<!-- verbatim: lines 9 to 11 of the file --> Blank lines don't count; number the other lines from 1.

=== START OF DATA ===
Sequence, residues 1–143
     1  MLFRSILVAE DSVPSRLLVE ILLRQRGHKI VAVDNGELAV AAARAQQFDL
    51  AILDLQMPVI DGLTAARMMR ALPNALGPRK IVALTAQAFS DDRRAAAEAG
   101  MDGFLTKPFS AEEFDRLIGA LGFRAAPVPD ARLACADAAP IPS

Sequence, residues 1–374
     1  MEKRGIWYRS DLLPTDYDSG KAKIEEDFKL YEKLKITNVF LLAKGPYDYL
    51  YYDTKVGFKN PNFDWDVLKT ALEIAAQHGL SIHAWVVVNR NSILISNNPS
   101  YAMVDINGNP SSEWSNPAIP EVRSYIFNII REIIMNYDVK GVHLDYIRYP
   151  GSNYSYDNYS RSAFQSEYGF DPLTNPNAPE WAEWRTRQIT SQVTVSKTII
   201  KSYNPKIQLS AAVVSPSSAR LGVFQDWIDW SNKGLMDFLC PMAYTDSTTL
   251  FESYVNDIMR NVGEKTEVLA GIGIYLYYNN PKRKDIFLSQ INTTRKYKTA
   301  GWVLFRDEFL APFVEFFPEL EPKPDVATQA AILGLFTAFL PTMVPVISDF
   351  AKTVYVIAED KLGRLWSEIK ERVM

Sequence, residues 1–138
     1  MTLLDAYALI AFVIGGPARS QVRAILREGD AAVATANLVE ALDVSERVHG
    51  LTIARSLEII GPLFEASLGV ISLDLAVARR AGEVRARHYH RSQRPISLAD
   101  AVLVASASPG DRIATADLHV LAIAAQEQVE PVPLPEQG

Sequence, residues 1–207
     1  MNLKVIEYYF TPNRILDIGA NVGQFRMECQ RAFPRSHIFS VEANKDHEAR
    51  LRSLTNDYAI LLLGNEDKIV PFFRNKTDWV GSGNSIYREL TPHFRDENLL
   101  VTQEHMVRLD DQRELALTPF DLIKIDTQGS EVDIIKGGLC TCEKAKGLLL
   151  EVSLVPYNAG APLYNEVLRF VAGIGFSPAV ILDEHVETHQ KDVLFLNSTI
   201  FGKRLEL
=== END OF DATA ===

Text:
   151  GSNYSYDNYS RSAFQSEYGF DPLTNPNAPE WAEWRTRQIT SQVTVSKTII
   201  KSYNPKIQLS AAVVSPSSAR LGVFQDWIDW SNKGLMDFLC PMAYTDSTTL
   251  FESYVNDIMR NVGEKTEVLA GIGIYLYYNN PKRKDIFLSQ INTTRKYKTA